And now we also have the dog owners who believe it is okay and that dogs will work it out or they need to toughen up and take it on the chin. So back we go to the children’s playground situation. Does this mean if a child came over and literally pushed yours off a slide that was a metre off the ground, you would tell your child to stop crying and suck it up? No way, you would want an apology from the bully and you would not allow that interaction to occur again unless the bully improved in behaviour.
So it is NOT okay to let your dog bully and hound another dog and it is NOT okay to allow your dog to tolerate it or learn to deal with it. Either way, no matter which end you belong to, that interaction needs to stop until it is calmer and more appropriate.
What is appropriate or correct fenced dog park etiquette?
I am going to break this down into two categories; etiquette for the dog owner and etiquette for the dog. Let’s go with the dog first.
Dog – what they must NOT do:
- No humping
- No standing over and pinning to the ground
- No staring for long periods
- No guarding of toys or space
- No constant harassing of one dog to the point where it is chasing it down and not letting the other have a break
- No growling with intent to cause harm, no snapping with intent to cause harm, no lunging or snarling
- No running recklessly through groups of dogs looking to start a fight
- No running wild where the dog totally ignores the owner
Dog – what they SHOULD do:
- Sniffing butts and noses
- Chasing each other around and taking turns
- Rolling around on the ground and taking turns at who is on top
- Gentle mouthing where both dogs seems fine with it and no dog is screaming
- Focus on the owner
- Ability to follow cues and listen to owner when asked to
- Ability to share toys and not steal them
- Ability to come when called and end play when asked to
- Ability to enter the dog park calmly and take off when given permission to
Owners – what they must NOT do:
- Enter the fenced park if their dog is lunging, barking, screaming, snarling, pulling or in a highly aroused state
- Ignore their dogs once in the yard
- Leave their dogs once in the yard
- Allow their dogs to bully or intimidate other dogs or even people
- Allow their dogs to hump other dogs
- Allow their dogs to constantly harass or chase dogs to the point where the other dog is fighting back or running away out of fear
- Justify their dog’s poor behaviour- this is just an excuse. If your dog behaves like that, it needs work and training
- If you have a nervous dog, you do not need to let it tolerate bullying nor do you need to feel intimidated by its owner. You have the rights to protect your dog and stop the interaction between them
- Have your mobile phone or any other device for that matter, in your hand
- Bully owners, abuse owners or hit other dogs
- And avoid using food treats around a group of dogs as some can guard
Owners – what they SHOULD do:
- Put their mobile phones away
- Stay in the yard with their dog the whole time
- Supervise the play the whole time
- Walk around the yard instead of standing still in one spot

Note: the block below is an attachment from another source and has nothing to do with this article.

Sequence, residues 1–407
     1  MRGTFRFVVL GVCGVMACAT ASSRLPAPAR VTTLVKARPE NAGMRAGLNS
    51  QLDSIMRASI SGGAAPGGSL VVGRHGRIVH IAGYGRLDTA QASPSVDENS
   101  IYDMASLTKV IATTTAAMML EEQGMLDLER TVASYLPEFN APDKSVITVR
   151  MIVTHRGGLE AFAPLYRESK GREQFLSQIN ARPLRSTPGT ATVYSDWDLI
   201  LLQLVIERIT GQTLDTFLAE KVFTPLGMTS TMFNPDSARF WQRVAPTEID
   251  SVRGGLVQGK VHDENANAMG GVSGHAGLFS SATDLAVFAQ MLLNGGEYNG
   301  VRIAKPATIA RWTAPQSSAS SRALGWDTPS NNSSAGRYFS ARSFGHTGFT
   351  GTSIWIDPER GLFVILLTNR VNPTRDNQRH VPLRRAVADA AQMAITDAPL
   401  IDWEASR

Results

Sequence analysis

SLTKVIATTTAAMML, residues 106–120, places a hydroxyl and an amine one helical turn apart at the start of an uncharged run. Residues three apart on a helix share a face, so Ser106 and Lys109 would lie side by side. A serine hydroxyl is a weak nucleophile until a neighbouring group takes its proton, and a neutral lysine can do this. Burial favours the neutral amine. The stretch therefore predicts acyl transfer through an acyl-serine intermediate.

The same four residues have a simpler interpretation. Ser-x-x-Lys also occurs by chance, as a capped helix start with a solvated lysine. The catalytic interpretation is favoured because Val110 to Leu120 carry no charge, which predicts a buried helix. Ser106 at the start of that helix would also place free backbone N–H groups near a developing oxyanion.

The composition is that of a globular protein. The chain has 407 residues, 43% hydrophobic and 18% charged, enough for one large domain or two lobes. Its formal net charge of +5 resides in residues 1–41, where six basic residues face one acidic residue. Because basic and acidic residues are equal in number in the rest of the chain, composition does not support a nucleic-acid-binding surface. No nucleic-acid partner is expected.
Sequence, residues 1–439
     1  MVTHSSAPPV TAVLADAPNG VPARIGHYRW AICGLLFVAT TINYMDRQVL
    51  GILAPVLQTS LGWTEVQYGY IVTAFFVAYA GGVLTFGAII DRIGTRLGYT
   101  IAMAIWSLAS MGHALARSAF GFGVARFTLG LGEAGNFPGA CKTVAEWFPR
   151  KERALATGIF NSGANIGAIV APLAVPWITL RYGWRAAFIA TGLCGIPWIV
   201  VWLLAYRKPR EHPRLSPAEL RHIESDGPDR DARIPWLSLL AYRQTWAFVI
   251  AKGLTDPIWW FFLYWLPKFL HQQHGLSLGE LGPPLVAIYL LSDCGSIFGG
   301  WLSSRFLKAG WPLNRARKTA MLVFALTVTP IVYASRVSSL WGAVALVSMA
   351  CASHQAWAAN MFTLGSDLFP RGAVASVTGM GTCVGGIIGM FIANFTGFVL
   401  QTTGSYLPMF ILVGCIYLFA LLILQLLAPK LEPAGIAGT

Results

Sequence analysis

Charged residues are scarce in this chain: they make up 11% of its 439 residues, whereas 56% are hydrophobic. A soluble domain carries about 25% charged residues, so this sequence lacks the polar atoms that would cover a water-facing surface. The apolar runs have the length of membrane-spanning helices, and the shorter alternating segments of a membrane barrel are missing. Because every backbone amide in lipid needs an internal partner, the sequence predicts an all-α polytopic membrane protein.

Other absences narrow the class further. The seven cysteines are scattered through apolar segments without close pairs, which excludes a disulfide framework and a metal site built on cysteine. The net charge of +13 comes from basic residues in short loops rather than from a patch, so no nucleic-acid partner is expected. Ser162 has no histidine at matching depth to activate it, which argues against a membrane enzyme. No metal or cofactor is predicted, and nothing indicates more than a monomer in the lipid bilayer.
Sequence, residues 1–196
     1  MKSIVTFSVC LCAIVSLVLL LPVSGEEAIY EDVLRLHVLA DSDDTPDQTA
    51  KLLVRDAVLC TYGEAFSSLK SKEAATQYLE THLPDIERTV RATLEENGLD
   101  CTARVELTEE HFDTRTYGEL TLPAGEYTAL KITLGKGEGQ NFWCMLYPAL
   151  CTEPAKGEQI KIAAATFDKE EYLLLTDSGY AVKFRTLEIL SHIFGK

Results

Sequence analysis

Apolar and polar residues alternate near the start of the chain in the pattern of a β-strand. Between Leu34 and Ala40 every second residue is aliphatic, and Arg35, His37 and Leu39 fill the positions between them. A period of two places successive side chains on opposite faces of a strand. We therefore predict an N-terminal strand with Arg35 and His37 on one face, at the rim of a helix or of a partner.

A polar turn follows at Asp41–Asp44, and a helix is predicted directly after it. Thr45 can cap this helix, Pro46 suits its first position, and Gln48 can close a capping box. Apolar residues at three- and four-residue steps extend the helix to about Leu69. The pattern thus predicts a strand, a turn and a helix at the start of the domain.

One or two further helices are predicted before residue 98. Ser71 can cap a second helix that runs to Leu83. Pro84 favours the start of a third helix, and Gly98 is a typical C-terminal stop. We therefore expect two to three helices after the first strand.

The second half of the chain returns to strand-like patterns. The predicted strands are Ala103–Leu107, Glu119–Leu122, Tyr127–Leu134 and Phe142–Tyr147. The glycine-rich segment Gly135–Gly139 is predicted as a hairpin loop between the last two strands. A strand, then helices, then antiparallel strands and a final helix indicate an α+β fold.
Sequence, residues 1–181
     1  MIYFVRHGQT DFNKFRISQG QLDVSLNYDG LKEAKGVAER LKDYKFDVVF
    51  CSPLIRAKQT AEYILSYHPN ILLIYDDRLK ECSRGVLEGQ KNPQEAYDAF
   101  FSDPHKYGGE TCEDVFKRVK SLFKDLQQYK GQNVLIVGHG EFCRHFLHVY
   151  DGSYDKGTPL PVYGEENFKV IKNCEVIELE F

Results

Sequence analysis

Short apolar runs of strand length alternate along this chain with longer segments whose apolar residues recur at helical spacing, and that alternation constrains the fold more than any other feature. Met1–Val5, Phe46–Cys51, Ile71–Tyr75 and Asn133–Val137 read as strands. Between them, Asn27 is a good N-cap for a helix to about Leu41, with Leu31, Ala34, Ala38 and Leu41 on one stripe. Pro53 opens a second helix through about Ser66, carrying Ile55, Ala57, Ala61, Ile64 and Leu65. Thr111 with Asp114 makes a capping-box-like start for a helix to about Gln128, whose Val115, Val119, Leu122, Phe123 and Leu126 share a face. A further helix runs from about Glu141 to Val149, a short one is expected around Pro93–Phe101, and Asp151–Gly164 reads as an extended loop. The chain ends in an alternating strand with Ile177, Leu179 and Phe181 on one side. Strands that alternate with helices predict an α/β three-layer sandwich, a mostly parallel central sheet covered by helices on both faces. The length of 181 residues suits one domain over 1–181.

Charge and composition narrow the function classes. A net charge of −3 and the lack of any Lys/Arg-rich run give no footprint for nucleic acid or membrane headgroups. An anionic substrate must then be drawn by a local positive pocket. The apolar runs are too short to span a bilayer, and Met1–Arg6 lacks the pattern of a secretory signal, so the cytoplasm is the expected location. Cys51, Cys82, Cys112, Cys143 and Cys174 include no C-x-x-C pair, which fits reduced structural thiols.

- Call your dog out of play frequently
- Enter the yard when your dog is calm and insist on a sit at the gate and a wait once inside before cueing it to go
- Use treats only when your dog is clear of any others to avoid fighting over food
- Bring toys to the park and use toys so the focus is not just on other dogs
- Call your dog out from time to time and walk away from the group before letting it go back in
- Divide into a smaller group if you feel your dog prefers this
- Understand your dog’s cut off cues- the signals your dog shows when it has had enough- and end the play
- Be polite to other dog owners
- Report dog owners who are abusing the dog park privilege, allow an aggressive dog to enter or allow their dog to bite another to the council
So can fenced dog parks work?
Of course they can but they must be respected, they must be used for the right reasons which are to allow your dog to run around and play and have a good time with other dogs or even toys in a safe space while it learns to come back when called.
It was never meant to be a place where you could excuse yourself of your dog owner duties and allow it to run wild and create havoc. And it was definitely not meant to be a place where dogs went to be beaten up and hurt.
How do we ensure dog parks are safe?
If you feel your fenced dog park is becoming unstable and is turning into a bit of a war zone, talk to your council about it. If people voice their concerns about what is happening in these parks, then the rangers will do something about it. Patrolling the areas, signs and possibly even fines may be issued so that irresponsible owners step back into line and get control over their dogs again.
And nothing beats education. Explain what is right and wrong and why and slowly but surely the message will get across to all dog owners.
Hopefully this will resolve some of the issues I am seeing in these dog parks now and we can start all over again, using them for the right reason. And hopefully now you know what is right and wrong, learning dog park etiquette and can spread the word around so everyone else knows!